Donald Trump has done it again. He just might be a master negotiator when it comes to his dealings with black people. He brings them to the table. Trump gets them to express themselves and their concerns. These so-called black “leaders” vent and get their frustrations off their chests. They buy into his perceived empathy. Trump walks away from the table not having to concede a single thing definitive. He does it again and again. Photo op. But black “leaders” continue to give him a pass holding on to white faith that a white savior lives and will come back.
On Aug 1. Donald Trump met with black pastors and lawmakers to discuss a most pressing issue: prison reform. He couldn’t miss an opportunity to tout his “successes” with a “booming economy” and a low unemployment rate plus a photo op. The optics would be great for his 2020 run. He claimed these successes would make it easier for former inmates to integrate back into society.
Let’s pause right there briefly. Ask any former inmate the top three things keeping them from finding work and I’m sure the state of the economy or the unemployment rate will not make the list. The most common obstacle inmates face is the felony identification on applications. Regardless of the type of felony or crime, it automatically casts a negative light on the applicant. Jobs that the person could be more than qualified for, aside from their stint in the big house, now are unattainable because of the felony distinction. The “booming economy” does nothing to alleviate that undue burden. Moving on.
“We have passed the First Step Act through the House and we are working to pass that into law, and I think we’ll be able to do it. When we say ‘hire American,’ we mean all Americans,” Donald Trump told the group.
To be fair, the First Step Act did make it through the House in May. Trump was president when it happened so by default he gets some of the credit. His empty words however, has garnered him the adoration and praise of black clergy calling him the most “pro-black president” ever. Move over Lincoln, Clinton, AND Obama. Donald Trump is white Jesus!
“This president actually wants to prove something to our community, our faith-based community and our ethnic community. The last president didn’t feel like he had to. He got a pass,” said Sen. Tim Scott (R-S.C.) “This is probably going to be… the most pro-black president I’ve seen in my lifetime.”
If Obama received a pass, it is because you and other black people in positions of leadership gave it to him, Mr. Scott!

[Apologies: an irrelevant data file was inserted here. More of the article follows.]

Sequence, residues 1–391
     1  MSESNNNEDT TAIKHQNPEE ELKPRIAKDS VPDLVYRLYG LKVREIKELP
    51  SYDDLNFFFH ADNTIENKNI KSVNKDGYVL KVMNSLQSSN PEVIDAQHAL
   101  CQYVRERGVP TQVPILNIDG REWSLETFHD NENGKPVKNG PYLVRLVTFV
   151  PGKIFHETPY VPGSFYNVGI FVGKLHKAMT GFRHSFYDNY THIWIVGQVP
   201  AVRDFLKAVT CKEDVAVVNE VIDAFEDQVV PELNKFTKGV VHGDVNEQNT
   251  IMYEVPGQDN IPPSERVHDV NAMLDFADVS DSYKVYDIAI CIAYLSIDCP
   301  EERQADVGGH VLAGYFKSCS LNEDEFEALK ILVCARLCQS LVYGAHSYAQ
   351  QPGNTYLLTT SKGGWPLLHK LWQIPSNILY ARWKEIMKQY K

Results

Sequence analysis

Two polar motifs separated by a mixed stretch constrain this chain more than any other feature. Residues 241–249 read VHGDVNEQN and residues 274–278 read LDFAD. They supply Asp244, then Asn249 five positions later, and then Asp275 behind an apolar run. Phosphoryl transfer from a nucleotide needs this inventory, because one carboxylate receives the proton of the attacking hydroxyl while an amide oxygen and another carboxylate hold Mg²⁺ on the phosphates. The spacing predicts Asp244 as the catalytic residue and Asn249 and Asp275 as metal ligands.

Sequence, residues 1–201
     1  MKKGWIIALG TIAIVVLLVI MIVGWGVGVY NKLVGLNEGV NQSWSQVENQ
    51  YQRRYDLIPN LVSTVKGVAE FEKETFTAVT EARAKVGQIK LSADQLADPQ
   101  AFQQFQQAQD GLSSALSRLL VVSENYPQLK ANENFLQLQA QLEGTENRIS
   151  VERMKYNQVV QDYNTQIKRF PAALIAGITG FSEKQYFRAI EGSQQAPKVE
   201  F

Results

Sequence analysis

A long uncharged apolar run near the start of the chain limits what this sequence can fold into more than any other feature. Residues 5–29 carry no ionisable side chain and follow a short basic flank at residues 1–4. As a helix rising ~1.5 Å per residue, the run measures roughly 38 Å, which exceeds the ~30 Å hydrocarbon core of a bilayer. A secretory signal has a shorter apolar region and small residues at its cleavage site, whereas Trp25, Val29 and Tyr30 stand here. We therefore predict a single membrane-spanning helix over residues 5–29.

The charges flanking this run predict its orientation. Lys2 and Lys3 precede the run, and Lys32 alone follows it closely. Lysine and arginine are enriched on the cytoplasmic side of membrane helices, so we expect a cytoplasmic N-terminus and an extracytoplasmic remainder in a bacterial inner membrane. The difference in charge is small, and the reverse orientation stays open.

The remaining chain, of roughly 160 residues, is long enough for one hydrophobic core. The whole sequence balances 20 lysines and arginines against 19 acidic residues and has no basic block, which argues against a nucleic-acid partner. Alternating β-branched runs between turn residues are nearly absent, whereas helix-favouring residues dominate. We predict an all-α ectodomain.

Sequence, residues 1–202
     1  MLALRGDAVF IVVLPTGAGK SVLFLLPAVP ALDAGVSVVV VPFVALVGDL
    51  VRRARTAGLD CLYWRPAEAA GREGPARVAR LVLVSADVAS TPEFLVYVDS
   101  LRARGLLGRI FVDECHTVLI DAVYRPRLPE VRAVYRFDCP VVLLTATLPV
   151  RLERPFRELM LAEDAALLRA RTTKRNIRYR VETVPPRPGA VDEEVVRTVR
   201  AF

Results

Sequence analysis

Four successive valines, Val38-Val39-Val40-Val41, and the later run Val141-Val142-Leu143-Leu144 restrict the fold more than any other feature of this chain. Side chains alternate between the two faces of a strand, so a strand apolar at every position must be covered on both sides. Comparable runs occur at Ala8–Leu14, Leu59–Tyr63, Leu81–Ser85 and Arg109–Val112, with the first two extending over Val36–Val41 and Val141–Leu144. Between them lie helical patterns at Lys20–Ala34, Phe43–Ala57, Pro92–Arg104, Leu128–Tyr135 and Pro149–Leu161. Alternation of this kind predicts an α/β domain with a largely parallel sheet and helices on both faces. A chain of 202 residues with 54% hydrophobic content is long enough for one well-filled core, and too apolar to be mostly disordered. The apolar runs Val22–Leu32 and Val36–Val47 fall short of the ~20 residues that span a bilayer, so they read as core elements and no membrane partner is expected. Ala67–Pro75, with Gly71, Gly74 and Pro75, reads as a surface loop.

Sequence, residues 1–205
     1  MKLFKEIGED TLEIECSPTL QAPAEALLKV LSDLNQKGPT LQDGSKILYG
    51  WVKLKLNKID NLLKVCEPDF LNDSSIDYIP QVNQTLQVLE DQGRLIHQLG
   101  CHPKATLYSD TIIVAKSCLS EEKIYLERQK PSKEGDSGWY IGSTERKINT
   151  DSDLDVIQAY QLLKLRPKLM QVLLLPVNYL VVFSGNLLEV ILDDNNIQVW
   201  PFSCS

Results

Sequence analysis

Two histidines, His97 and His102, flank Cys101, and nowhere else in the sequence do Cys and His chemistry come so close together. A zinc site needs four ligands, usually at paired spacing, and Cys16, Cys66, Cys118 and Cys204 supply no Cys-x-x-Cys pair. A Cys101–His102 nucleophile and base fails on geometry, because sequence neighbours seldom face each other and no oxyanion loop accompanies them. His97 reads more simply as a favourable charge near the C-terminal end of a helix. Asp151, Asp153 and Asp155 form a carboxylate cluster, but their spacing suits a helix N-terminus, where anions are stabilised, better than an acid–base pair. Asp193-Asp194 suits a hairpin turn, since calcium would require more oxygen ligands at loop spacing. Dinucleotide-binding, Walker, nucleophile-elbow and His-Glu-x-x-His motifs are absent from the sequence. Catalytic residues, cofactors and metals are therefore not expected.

At the end of the meeting, Trump is heralded for his works in the urban community and leadership praised for stimulating the economy. Another golden photo op moment.
On Aug 23. the Washington Free Beacon reported that Trump was backtracking on the First Step Act. The publication reports:
Following a meeting with Attorney General Jeff Sessions, President Donald Trump has concluded that the FIRST STEP Act is too problematic to be worth pursuing at the present time, according to a senior administration official with direct knowledge of the meeting. The administration expects to revisit the proposal following the election, to assess whether it can chart a way forward for Trump’s prison reform goals.
The last photo op in the rearview mirror, a “concerned” Trump feels the bill is untenable in its current form. There is a legitimate fear of the immediate release of thousands of federal inmates due to the restructuring guidelines of the “good time” credit system outlined under the bill.
Trump walks away conceding nothing to black people except time and talk. But this has occurred before.
In another classic photo op for potus, presidents of HBCUs met with Trump and his administration in 2017. Trump made a series of promises. Leaders bought into the agenda that the Trump administration would do something to curtail the closing of historically black colleges and universities. Well, since that meeting, Concordia College announced they’re closing their doors. Cheyney University of Pennsylvania, the oldest historically black college in the nation, announced that they are in danger of closing their doors as well.
HBCUs are more prone to closure due to financing struggles. HBCUs tend to get less government funding and subsequently lower enrollment numbers. It is an issue that plagues both public and private HBCUs. The leaders met with Donald Trump hoping to secure funding for these places of higher learning. That has not occurred. Instead, the transfer of the White House HBCU Initiative from the U.S. Department of Education to the administration’s executive offices has been touted as a win. The leaders also claim that their concerns are registering with top administration officials.
Registering and effective tangible action are two different things.
The master negotiator again walked away from the table with black people leaving behind scraps. He snagged another photo op.
Trump 2020. It’s not as far-fetched as the idea of him winning the presidency.